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Leading Off
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Problems, big and small, abound in business, society, and our personal lives. The ability to answer the seemingly simple question, “What should I do?” is becoming increasingly difficult as our environments grow more uncertain and complex. As a result, problem-solving skills are in great demand. McKinsey research shows that organizations that have top-quartile problem-solving capabilities earn 3.5 times higher total shareholder returns than those in the bottom quartile. This week, let’s explore some structured approaches that can improve your problem-solving aptitude.
Illustration of a cone above a square
Clearly define the problem before rushing to solve it
Albert Einstein once said, “If I were given one hour to save the planet, I would spend 59 minutes defining the problem and one minute resolving it.” Before you start thinking about solutions, you first must understand and clearly articulate the problem. In this episode of The McKinsey Podcast, Charles Conn, former CEO of Oxford Sciences Innovation and Rhodes House, describes a seven-step problem-solving process that can provide the structure and clarity needed to (perhaps counterintuitively) encourage creativity. The first step is to dedicate sufficient time to exploring and defining the problem and why it needs to be solved. The team can then disaggregate the various components of the problem, prioritize which of those have the biggest impact, and begin their analyses. Shortchanging this critical first step could lead to wasted time and resources (for example, if those resources are allocated to solving the wrong problems).
That’s the percentage of survey respondents across Asia–Pacific Economic Cooperation (APEC) countries who identify problem solving as the most relevant 21st-century skill, according to Wiley’s Digital Skills Gap Index 2021. The World Economic Forum’s 2020 Future of Jobs report reveals similar sentiments among employers globally: critical thinking and complex problem solving top the list of skills of the future. In fact, four of the top five skills on the report’s “top ten skills of 2025” are directly linked to problem solving, indicating that employers believe these skill sets will only grow in importance.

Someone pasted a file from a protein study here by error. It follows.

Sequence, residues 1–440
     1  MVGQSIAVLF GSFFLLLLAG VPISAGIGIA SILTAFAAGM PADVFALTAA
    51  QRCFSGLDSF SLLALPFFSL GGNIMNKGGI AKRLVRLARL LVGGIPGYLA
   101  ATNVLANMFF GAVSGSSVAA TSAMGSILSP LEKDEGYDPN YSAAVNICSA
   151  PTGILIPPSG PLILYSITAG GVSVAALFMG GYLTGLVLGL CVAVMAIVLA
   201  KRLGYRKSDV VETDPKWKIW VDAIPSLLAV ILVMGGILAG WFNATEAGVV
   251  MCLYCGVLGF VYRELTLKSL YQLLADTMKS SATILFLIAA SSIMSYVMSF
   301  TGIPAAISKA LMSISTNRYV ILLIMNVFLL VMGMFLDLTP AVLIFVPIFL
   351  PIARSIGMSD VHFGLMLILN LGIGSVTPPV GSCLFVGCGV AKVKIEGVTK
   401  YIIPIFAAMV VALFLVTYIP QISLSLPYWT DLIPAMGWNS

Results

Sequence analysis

“Rookie problem solvers show you their analytic process and mathematics to convince you that they are clever. That’s sometimes called APK, the anxious parade of knowledge. But seasoned problem solvers show you differently.”
That’s McKinsey alumni Charles Conn and Robert McLean in a McKinsey Quarterly article on six problem-solving mindsets to crack even the most complex problems under uncertain conditions. To start, they recommend channeling your inner four-year-old by staying curious and recognizing the power of asking questions. Next, embrace ambiguity, widen the aperture through which you view the problem, be willing to experiment, and crowdsource diverse perspectives to improve the ideas generated. And finally, return to an elementary-school activity: “show and tell” the problem-solving process and the logic behind the potential solution to drive decision makers to action.
A photo of Angela Hwang, Pfizer’s head of biopharmaceuticals
Few businesses have experienced the need for effective problem solving as intensely as vaccine developers did during the COVID-19 pandemic. While pressure can sometimes feel debilitating, many pharma and biotech companies rose to the challenge. In this interview, Angela Hwang, Pfizer’s head of biopharmaceuticals, discusses how the company was able to develop and begin distributing a vaccine within eight months. “When the goal is so clear, what happens next is incredible problem solving that allows you to find the ‘white spaces’ and identify what you can remove to anticipate potential barriers,” she says. “Changing our goal setting and problem solving to match the issue at hand were probably the two greatest adaptions in leadership practices on this entire journey.”
Illustration of a sphere on top of a blue wave shape
When it comes to problem solving within a team, take extra care to not fall prey to individual biases and collective behaviors that may thwart efforts to come up with great solutions. One bias that may manifest itself in a brainstorming session is people’s desire to conform or avoid conflict. Anonymous brainstorming and silent voting are two ways to ensure that all ideas are considered and to prevent mediocre ideas from taking the spotlight. Similarly, drawing on analogies can spark inspiration—unless that analogy is only superficially similar to the problem at hand, in which case it can lead to futile solutions. To avoid this trap, set up exercises to map the similarities between the two problems, past and present, and the conditions under which the solution would work in the new context.
Lead by first defining, then solving, problems.
— Edited by Dana Sand, an editorial production manager in McKinsey’s Cleveland office
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